From Military History Quarterly, Summer 2010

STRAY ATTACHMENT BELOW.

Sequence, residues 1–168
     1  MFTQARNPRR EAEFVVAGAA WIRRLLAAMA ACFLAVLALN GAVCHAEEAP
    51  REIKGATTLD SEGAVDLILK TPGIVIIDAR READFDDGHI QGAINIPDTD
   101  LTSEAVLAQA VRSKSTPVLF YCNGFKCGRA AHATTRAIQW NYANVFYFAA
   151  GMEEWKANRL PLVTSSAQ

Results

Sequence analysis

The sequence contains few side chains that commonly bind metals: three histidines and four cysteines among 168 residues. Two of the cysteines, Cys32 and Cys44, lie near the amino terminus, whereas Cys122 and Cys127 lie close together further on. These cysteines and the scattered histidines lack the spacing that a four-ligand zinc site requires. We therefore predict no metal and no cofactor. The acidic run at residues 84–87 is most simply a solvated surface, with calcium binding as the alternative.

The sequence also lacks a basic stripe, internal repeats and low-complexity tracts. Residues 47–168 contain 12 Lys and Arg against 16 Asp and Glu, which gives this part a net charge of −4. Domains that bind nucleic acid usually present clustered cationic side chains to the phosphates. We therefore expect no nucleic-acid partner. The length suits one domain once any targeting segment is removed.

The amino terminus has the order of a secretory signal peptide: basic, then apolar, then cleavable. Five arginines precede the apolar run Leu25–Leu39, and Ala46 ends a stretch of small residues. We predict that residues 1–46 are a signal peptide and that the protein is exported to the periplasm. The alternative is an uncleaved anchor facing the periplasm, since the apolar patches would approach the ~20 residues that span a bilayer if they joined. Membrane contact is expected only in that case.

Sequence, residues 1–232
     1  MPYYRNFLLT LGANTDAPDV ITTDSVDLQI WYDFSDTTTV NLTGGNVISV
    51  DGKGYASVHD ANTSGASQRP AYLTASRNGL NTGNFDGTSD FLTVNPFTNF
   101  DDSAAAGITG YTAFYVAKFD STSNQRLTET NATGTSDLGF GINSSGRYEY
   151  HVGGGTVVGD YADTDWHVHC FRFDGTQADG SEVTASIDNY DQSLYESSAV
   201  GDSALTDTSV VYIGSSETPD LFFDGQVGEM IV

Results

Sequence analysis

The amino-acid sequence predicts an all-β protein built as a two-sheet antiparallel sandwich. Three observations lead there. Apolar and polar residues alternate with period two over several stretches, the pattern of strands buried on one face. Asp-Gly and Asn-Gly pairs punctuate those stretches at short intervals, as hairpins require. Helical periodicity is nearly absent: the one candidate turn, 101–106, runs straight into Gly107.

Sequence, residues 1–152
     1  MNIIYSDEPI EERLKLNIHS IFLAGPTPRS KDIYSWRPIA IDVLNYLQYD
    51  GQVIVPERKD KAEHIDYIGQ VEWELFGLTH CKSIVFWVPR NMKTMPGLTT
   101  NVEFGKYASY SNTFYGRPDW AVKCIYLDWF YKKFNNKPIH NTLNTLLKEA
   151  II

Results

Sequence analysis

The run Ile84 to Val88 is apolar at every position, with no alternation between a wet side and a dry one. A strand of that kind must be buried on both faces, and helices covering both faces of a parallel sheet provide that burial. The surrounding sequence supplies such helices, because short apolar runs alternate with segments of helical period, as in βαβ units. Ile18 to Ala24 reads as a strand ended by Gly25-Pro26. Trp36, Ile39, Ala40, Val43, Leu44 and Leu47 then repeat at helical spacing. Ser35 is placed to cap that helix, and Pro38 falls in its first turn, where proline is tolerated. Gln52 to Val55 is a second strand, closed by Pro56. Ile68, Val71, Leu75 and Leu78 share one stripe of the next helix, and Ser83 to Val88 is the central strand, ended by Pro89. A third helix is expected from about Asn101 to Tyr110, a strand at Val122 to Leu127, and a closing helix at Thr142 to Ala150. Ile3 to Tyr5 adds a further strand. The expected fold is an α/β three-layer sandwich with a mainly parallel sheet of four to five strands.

The Swedes came at night, rushing through a gap in the walls protecting the Mala Strana neighborhood at the foot of Prague Castle. By the break of day on July 27, 1648, the invaders had captured the entire western side of the city, including the castle, with its famous collections of art, rare books, and astronomical instruments. Over the coming weeks, the Swedes tried several times to cross the Charles Bridge to seize the Old Town on the opposite bank of the Vltava River, but were repelled by a ragtag force of townspeople and Jesuit priests. Despite receiving reinforcements, the Swedes were stuck on their side of the river in November when news of the Peace of Westphalia reached the city. The Thirty Years War, one of the bloodiest conflicts in European history, had finally come to a close, ending Sweden’s campaign against the Holy Roman Empire. N The Swedish army had been denied control of the commercial side of town but had achieved its main objective: the capture of the renowned trove of art, treasure, and curiosities collected in Prague Castle by the late Holy Roman Emperor, Rudolf II. For decades prior to his death in 1612, Rudolf had directed a small army of agents to scour the known world for unusual objects. There were paintings by Albrecht Dürer and Pieter Brueghel, jewels, precious stones, and ancient coins from Italy, the Balkans, and the Middle East, exquisite clocks from the four corners of Europe, and statues in stone and bronze. There was a horn allegedly taken from a unicorn, the jawbone of one of the Sirens who tempted Ulysses, and even a pair of iron nails supposedly salvaged from Noah’s ark. Rudolf had commissioned a greenhouse in which his staff maintained a collection of exotic plants and a menagerie where they tended unusual beasts, including a live lion. His paintings alone took up seven halls of Prague’s sprawling castle complex.
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